Viceregal Lodge, Shimla
The Viceregal Lodge, Shimla is the most historically significant and architectural impressive building of the region that makes for a pleasant half-day excursion.
The Viceregal Lodge was the summer residence of the Indian Viceroy, the British Raj leader who governed the whole of the Indian subcontinent between 1888 until 1946. Within the Viceroy Lodge many significant decisions from this era about India were devised, discussed and agreed upon.
For visitors the Viceregal Lodge is an elaborate Mock-Tudor stately home that is surrounded by immaculately maintained gardens.
Only a few of the staterooms can be visited as part of a brief tour as the building has been transformed into an advanced university complex.
Viceregal Lodge is located 2km west of Shimla on the summit of Observatory Hill, which provides wonderful panoramic views over the region.
The grand Viceregal Lodge, Shimla
Tourist Guide about the Viceregal Lodge, Shimla
The Viceregal Lodge Shimla is commonly known as the Rashtrapati Nilayam (the President’s House) and the reference is to the era between independence to the mid 1960’s when Indian Presidents used the lodge as their summer retreat.
The Viceroy Lodge may have been used by modern India presidents but it was conceived at the height of the British raj and their absolute control over the whole of India.
Construction started in 1888 for Lord Dufferin who desired a building that was both suitable for impressing guests at state banquets but also reminded him of his home country. The beautiful Viceroy Lodge was the building he was given.
The grand Viceregal Lodge, Shimla
The chosen site for the Lodge was on the summit of Observatory Hill. This is the second highest point of Shimla, highest point is Jakhoo hill.
In preparation for the construction of the Viceroy Lodge the entire summit of Observatory Hill was flattened and leveled. The lodge was constructed from local gray sandstone and light blue limestone all of which had transported to the construction site by mules.
No expense was spared during the construction of the lodge and notable features included; a vast wine cellar, a room for empty suitcases and an indoor tennis court!
More Details about the Viceregal Lodge, Shimla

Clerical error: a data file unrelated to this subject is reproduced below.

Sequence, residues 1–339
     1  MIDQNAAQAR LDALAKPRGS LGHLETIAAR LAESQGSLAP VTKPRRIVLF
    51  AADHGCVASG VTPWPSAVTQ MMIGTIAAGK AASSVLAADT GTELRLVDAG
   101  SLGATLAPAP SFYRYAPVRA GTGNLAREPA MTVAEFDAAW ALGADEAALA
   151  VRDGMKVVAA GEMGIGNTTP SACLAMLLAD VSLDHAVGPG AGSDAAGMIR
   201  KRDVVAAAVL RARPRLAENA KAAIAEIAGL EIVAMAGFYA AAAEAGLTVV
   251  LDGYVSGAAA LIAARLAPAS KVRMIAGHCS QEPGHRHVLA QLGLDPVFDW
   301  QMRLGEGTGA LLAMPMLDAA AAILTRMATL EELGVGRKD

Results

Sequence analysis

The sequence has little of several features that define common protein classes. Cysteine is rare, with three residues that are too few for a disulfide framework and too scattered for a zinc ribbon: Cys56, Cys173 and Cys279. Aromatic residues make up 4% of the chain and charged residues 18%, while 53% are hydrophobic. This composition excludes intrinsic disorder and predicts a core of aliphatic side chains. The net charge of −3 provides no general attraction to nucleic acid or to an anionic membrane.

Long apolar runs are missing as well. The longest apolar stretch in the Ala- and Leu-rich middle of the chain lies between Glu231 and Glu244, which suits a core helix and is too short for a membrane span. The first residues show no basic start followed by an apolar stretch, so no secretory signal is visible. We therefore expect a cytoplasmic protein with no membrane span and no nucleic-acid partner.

The Viceroy Lodge was not just an architectural charming building it was filled with the latest technology of the Victorian era and some were the first examples in the India subcontinent.
The Viceroy Lodge had a complex piping system to provide both hot and cold water and gathered rain water to be stored under the lawns in the front of the house.
The entrance to the Viceregal Lodge complex
Hidden in the grounds was a large steam generator which provided the lodge with electric lighting, the first such building in Shimla.
It is also reported that the first ever light switch was also install in the Viceroy Lodge which was first switched on by Lord Dufferin’s wife. This may or may not be true but the Viceroy Lodge was a shining example of Britain’s technological supremacy during the British Raj era.
The Viceregal Lodge Shimla was the official residence of the Indian Viceroy during the summer months when the administrative centre moved to Shimla to escape the heat of Delhi. Successive Viceroys made alterations to the lodge, the most notable changes was the addition of the tower by Lord Curzon and the planting of the gardens by the Marquis Lansdowne.
The Rashtrapati Nilayam is historically significant during both the independence of India movement and founding of modern India.
During the independence movement Mahatma Gandhi visited the Viceroy at his residence in 1922 and later Lord Willingdon in1931. In 1945 the lodge was the venue for the Shimla Conference which proposed the Wavell Plan for Indian self-government.
The plans were rejected by the Muslim representatives and this meeting, as viewed by historians, was the last opportunity for a united India. This rejection of a united India lead to the next historically significant meeting held in the Viceroy Lodge, the 1947 partition discussions which created India and Pakistan.
After India was granted independence in 1947 the lodge became the summer residence of successive Indian presidents who all followed the British example of retreating from the heat of Delhi’s summers.
In the 1960’s this tradition ended and the building was handed over to the Institute of Advance Studies.The Viceroy Lodge is to the west of Shimla and is a pleasant 2km walk from the centre of the city.
Follow the Chaura Maidan Road out of Shimla until the main entrance of the Institute of Advance Studies, the lodge is approximately 500m along this road. The entrance fee to the Lodge is 20RS and includes a tour.
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